Used to keeping her eye on the behind the scenes wheeling and dealing that makes F1 a political melodrama, here columnist Kate Walker takes a look at the latest gossip concerning the 2014 schedule...
Formula One logistics are something of a headache at the best of times, but in the run-up to a year that should see four additions to the calendar - two brand new and two returning events - getting the scheduling right is rather more complex than normal.
The 2014 Formula One calendar will not become official until the final World Motor Sport Council meeting of the year, scheduled to take place on 6 December in Paris. The WMSC will ratify the calendar on the same day as the FIA elections take place, making it a busy day for the bigwigs of the four-wheeled world.
But while the official calendar is still more than a month away, draft versions more recent than the crazy document released post-Singapore have been doing the rounds, and finalising what looks to be a particularly complex schedule is becoming something of an organisational and political crap shoot.
During the Indian Grand Prix
weekend I was shown a copy of a 20-round calendar, with Korea sadly present and both Mexico and New Jersey missing. No one expected the second American race to come to fruition next year; its inclusion on September's provisional calendar was simply a piece of legal manoeuvring designed to ensure that it was the NJ race organisers - and not the commercial rights holder - who were in breach of contract when the venue failed to meet its deadlines.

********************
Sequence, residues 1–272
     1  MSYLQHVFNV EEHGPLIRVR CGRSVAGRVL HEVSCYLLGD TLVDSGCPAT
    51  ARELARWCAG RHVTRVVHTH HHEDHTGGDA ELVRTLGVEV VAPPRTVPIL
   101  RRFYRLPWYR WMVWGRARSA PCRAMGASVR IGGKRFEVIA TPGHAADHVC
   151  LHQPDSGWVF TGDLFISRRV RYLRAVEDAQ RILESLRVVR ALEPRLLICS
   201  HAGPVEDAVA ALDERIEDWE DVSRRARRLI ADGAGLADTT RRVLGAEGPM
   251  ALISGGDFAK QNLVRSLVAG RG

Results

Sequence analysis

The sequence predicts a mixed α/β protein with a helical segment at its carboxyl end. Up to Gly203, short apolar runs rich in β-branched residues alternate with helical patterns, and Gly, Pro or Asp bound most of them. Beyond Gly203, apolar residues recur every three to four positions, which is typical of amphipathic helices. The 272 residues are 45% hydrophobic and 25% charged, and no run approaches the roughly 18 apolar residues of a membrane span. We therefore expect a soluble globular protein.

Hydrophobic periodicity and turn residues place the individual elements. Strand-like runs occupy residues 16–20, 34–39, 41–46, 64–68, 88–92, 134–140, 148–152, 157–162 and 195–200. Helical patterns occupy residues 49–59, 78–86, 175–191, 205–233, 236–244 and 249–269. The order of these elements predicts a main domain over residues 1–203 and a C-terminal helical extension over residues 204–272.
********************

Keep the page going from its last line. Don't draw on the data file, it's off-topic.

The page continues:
Looking further to the future, few expect the New Jersey event to ever take place, appealing though it is as a concept. Having been scheduled and then dropped for the past two years, it is looking ever less likely that the combination of lack of funding, piles of red tape, and necessary construction work are obstacles that will ever be overcome.
Mexico, on the other hand, is certain to happen in 2015. The current delay is down to the impracticality of building a new pit and paddock complex in the next 12 months, and not due to a lack of funding or government support. Permits have been or are in the process of being granted, and Mexico's increasing involvement in F1 has made a return to the country a matter of necessity.
There is no question at all over Sochi's inclusion on the 2014 calendar, even though the new circuit cannot be given official approval until after it has been formally homologated by the FIA. Representatives from the Russian Grand Prix were roaming the Abu Dhabi paddock last weekend, watching and learning at one of F1's best organised events. On Friday, the Russian delegation spent much of the day in the company of an FIA official who used the time to explain just what recent additions to the calendar have done right – and where they have gone wrong.
As a returning event with which the F1 circus is incredibly familiar, Austria needs no introduction and no hand-holding. A long overdue return to a classic F1 circuit, the Styrian event is the easiest addition to the calendar from a logistical point of view. While there may be a paucity of suitable hotels in the region, the long memories of the paddock truckies mean that the easy to access and freight-free grand prix doesn't even need to be added to the teams' SatNavs.
Whatever nostalgia one feels for classic races past and present, bringing an old European venue back into rotation is the only way to boost the calendar while keeping things simple in both practicality and finance.Kate WalkerKate Walker is the editor of GP Week magazine and a freelance contributor to Crash.net. A member of the F1 travelling circus since 2010, she keeps an eye on the behind the scenes wheeling and dealing that makes Formula One a political melodrama.